If we accept the idea that we need to build in social-ecological resilience, then urban planning has a long way to go toward defining or comprehending the idea of a resilience that goes beyond recovery and rebuilding after a natural or man-made disasters.  Further, resilience has to be linked to sustainability so that the type of resilience we are trying to achieve actually moves toward a desired future of sustainable systems not the opposite.  Mr. McPhearson notes his concerns over the fact that current resilience planning and management activities are leading our urban systems down the wrong path, away from sustainability.  For example, in the aftermath of the damage sustained by the New York/New Jersey coastline following Sandy, much of the post-disaster discussions were centered on large technical infrastructure solutions for dealing with future storm surges and coastal flooding.  Some of the solutions floated during the conversations were operable sea gates at the narrow portions of the entry to New York Harbor.  A passable idea but those proposed sea gates could bind New York City to a resource that is potentially economically unsustainable long-range maintenance costs that could have serious ecological impact.

Sea gate proposal
"A Stronger, More Resilient New York"
NYC Special Initiative for Rebuilding and Resiliency
getresilient.com
Motivated by the fact that cities and towns need to plan and design ways to avoid Sandy-level devastation, the Rebuild by Design program was established to give voice to ideas for climate change resilience in the New York City region.  The foundational idea of "rebuilding" is not contradictory to resilience, rather, it underscores the focus within governments at all levels to consider resilience as a response to catastrophic events from a mainly technical and and infrastructural perspective.  Timon McPhearson points out that improving social-ecological resilience is not a simple task, especially in a highly complex urban system such as New York City.  Yet, we need to be aware about the way which we make use of resilience as a strategy, planning and management priority, if our best intentions direct us toward an unsustainable future.  In this case, perhaps a more modest resilience goal might be better.

Resilience can also be understood as the ability to latch onto a specific path.  The generalities of this concepts imply that it can be adapted and adopted to multiple types of systems.  It can also mean that resilience can both help us attain a desired future, lock institutions, political structures, ecosystems, or cities into undesired unsustainable states.  One example, corruption and organized crime are very resilient-not part of a sustainable future.  On this point, I have to wonder why Timon McPhearson chose  corruption and organized crime as an example of undesired unsustainable states.  By the same token, given the monumental inequities of our cities, we need to consider the resilience of what, to what, and specifically, for whom?  Going back to the proposed sea gate installation for the moment, an operable sea gate in New York Harbor might mitigate storm surges and flooding for some residents of Manhattan and Brooklyn but for others, it could have a negative effect.  One negative side effect would be a decrease in resilience for the residents and ecosystems in Staten Island, New Jersey, or Long Island.  Therefore, urban resilience planning and management has to have a serious social-ecological perspective so that the results contribute to the equity, human well-being, and ecological integrity of a place.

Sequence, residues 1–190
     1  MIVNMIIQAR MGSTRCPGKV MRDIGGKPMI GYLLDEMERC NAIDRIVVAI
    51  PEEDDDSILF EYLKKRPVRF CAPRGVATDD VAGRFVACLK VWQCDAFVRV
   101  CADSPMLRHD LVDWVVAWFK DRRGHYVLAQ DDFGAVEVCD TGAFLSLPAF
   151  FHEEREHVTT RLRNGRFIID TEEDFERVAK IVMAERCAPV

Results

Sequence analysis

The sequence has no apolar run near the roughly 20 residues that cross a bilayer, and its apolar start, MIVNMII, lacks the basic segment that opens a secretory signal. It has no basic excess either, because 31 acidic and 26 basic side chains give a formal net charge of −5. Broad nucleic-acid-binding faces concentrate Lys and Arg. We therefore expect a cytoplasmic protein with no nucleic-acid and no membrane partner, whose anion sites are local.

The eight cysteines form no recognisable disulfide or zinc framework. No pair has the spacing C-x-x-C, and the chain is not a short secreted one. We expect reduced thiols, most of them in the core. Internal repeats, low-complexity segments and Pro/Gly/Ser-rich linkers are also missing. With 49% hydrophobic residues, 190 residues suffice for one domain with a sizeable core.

View of the Manhattan Bridge from DUMBO
en.wikipedia.org
Sustainable city initiatives focus on maximizing efficiency, minimizing energy, redundancy and material use.  However, redundancy is a hallmark of a resilient system. Sustainability and resilience goal, if not carefully studied can appear completely in opposition to each other.  One vexing puzzle that scholars and planners need to seriously address is urban density as the key to a sustainable future.  The problem is that the more dense our urban cores are, the more susceptible they are to disease, flooding, political unrest, or economic disruption.  The tight connection within  dense urban systems: population, infrastructure, social ties, biogeochemical, and economic-can contribute to resilience or increase vulnerability.  Let's not assume that density is a good or bad thing, rather, carefully consider on a case-by-case basis, how urban planning, governance, and management for a resilient and sustainable future ensuring goals that overlap and support sustainable goal.

The point to all of this is understanding that urban resilience and urban sustainability are two ideas that promote plurality and diversity of remedies to social-ecological issues which urban planning needs to deal with in a new context for transforming cities.  Resilience and sustainability are not mutually incompatible, rather, they can support each other toward a more desirable future.